There are no particular limitations on the properties of the fibers (A) and (C). For example, the specific gravity of the fibers (A) and (C) is typically between 0.5 and 1.3, preferably between 0.5 and 1.1, more preferably between 0.7 and 1.1, and even more preferably between 0.7 and 1.0. When the specific gravity is within this range, the fibers (A) and (C) are dispersed through the slurry appropriately such that the voids required to disperse the fibers (B) can be secured sufficiently. As a result, a bulkier filter medium structure can be obtained, and the filtering efficiency and filter life of the filter medium can be improved. Polypropylene or the like may be cited as an example of a material having a specific gravity within this range.

There are no particular limitations on the respective shapes of the fibers (A) and (C). Crimped fibers that have been crimped through twisting processing or the like may be used as the modified cross-section fiber. When crimped fibers are used, larger gaps can be formed by the fibers (A) and (C), and the fibers (B) can be dispersed through the filter medium. Therefore, crimped fibers are preferable.

There are no particular limitations on the material of the fibers (A) and (C). Fibers made of various materials may be used as the fibers (A) and (C) as necessary. The fibers (A) and (C) are typically synthetic fibers. Examples of these synthetic fibers include polyester such as polyethylene terephthalate, polyolefin such as polyethylene, and polyvinyl alcohol (“Vinylon”, manufactured by Unitika Ltd., or the like).

Fiber made from a material exhibiting superior hydrophilicity (hydrophilic fiber) may be used as the fibers (A) and/or (C). Hydrophilic fiber disperses favorably through water, and therefore, when the fibers (A) and/or (C) contain this type of fiber, the extremely fine fiber (B) can be dispersed evenly. As a result, fiber networks can be constructed. Furthermore, oil filter media that do not use metallic components and oil filter media having metallic components that can be separated easily by a manual operation are currently employed to facilitate the incineration of an oil filter medium. This type of oil filter medium can be incinerated easily. Hydrophilic fiber generates fewer harmful gases, such as NH and CNx, during incineration than aromatic polyamide fiber and the like. Hence, the filter medium can be incinerated easily, and can therefore be applied to a filter medium that is disposed of through incineration.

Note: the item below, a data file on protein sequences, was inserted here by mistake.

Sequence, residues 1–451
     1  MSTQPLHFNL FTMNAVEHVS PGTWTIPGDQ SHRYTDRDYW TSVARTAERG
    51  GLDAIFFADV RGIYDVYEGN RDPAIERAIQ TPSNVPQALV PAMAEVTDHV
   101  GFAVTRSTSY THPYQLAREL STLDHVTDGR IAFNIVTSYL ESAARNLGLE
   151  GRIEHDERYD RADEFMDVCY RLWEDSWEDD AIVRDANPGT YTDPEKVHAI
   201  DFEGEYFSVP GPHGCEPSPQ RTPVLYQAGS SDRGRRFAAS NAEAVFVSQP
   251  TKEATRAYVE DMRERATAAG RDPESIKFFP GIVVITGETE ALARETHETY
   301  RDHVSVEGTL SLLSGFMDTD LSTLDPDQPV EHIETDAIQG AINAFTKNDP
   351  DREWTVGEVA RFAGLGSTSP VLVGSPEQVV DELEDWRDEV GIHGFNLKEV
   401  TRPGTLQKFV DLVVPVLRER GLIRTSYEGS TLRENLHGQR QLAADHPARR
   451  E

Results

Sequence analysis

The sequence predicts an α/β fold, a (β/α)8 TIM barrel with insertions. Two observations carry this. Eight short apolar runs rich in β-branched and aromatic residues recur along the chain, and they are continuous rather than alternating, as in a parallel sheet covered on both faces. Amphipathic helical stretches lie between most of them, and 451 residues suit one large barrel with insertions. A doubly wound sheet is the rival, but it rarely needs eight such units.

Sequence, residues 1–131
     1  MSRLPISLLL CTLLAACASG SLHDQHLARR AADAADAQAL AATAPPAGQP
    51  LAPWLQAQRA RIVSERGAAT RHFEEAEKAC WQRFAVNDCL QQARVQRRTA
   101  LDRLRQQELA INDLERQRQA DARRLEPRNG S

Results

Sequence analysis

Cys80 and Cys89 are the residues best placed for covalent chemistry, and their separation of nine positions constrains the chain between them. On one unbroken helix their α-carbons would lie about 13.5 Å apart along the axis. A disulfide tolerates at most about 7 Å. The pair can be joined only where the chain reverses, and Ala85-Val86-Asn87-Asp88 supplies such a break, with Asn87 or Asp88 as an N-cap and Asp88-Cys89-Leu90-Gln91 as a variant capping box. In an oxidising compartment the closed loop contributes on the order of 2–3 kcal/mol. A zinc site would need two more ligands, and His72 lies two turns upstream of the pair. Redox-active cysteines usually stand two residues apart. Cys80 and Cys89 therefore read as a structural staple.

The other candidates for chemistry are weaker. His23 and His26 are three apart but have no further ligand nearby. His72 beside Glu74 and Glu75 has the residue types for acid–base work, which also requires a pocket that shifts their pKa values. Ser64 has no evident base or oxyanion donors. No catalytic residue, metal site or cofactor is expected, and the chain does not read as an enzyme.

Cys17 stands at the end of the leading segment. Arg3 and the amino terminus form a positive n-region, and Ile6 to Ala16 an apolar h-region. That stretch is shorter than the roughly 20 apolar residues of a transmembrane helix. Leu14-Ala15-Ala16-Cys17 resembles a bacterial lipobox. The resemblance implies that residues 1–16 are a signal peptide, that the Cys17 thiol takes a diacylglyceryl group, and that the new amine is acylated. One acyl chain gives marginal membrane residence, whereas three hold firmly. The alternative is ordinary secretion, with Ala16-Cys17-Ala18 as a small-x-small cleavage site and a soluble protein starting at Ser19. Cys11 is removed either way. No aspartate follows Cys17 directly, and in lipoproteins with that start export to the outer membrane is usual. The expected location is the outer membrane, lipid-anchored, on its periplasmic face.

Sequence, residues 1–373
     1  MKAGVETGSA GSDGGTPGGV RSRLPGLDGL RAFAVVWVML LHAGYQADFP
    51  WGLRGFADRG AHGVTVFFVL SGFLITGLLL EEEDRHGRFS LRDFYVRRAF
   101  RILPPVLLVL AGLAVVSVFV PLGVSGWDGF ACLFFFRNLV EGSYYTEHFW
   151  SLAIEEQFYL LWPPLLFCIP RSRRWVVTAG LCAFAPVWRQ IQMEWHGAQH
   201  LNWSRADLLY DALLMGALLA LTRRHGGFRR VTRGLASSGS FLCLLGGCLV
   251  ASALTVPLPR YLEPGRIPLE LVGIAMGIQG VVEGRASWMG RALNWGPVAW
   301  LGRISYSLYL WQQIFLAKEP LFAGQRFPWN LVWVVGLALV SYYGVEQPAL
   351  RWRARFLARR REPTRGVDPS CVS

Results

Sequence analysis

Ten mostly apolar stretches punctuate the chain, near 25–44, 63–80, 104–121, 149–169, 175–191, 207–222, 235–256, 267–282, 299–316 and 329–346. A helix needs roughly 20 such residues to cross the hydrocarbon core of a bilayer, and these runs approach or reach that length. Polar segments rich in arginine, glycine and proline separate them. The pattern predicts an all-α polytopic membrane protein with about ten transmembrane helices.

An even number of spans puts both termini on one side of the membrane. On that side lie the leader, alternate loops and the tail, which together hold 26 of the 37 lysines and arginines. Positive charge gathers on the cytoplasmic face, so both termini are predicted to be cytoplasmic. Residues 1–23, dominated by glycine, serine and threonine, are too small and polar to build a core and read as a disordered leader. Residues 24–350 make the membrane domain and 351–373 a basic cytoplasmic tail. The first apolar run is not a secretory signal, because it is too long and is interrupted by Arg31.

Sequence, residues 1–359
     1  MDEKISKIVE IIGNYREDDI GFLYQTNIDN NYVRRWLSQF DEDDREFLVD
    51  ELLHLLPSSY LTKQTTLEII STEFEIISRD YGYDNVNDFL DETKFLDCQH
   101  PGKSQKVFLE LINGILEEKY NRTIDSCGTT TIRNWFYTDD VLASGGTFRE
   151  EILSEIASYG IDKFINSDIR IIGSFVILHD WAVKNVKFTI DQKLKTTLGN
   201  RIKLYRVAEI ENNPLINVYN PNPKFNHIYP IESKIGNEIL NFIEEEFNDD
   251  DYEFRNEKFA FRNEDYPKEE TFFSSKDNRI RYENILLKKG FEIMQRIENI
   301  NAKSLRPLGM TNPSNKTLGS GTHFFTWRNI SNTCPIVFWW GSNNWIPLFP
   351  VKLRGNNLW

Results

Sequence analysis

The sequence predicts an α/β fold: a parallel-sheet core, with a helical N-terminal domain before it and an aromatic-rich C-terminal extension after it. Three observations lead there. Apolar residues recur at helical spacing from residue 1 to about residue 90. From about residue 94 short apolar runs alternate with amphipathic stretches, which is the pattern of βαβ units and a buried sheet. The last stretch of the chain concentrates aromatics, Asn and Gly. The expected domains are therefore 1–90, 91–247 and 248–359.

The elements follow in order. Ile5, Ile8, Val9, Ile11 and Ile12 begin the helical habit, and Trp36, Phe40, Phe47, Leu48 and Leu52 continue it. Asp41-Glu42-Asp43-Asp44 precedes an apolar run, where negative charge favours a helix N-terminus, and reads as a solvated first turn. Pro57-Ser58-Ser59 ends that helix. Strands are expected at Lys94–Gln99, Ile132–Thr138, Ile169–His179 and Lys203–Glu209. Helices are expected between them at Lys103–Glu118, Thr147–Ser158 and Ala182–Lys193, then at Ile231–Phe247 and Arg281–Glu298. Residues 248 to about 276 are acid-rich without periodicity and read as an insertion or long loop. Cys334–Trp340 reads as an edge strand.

Polyvinyl alcohol (“Vinylon”, manufactured by Unitika Ltd., or the like) may be cited as an example of hydrophilic fiber. Also, hydrophilization treated fiber, which is obtained by subjecting fiber to hydrophilization processing, may be used as hydrophilic fiber. Examples of this fiber include polyolefin fiber (polyethylene, polypropylene, and copolymer or terpolymer of propylene and an α-olefin other than a propylene such as an ethylene), and polyester fiber (polyethylene terephthalate, polybutylene terephthalate, and so on).

Examples of hydrophilization processing include hydrophilicity imparting agent processing, hydrophilic coating, hydrophilic vinyl monomer graft polymerization processing, sulfonation processing, fluorine gas processing, and discharge processing.

Hydrophilicity imparting agent processing is processing to adhere a hydrophilicity imparting agent to or incorporate the hydrophilicity imparting agent into the fiber. There are no limits on the method of the hydrophilicity imparting agent processing as long as the hydrophilicity imparting agent can be adhered to or incorporated into the fiber. The following methods may be cited as a specific examples of hydrophilization processing using a hydrophilicity imparting agent. Note that in hydrophilicity imparting agent processing, one or more hydrophilicity imparting agents may be used.

(1) A method of spraying the hydrophilicity imparting agent or a liquid containing the hydrophilicity imparting agent on the fiber.

(2) A method of coating the fiber with the hydrophilicity imparting agent or a liquid containing the hydrophilicity imparting agent.

(3) A method of submerging the fiber in a hydrophilic oil solution or a liquid containing the hydrophilic oil solution.

(4) A method of kneading a powder-form, pellet-form, or liquid hydrophilicity imparting agent into the fiber raw material and then spinning the material so that the hydrophilic oil solution is incorporated into the fiber.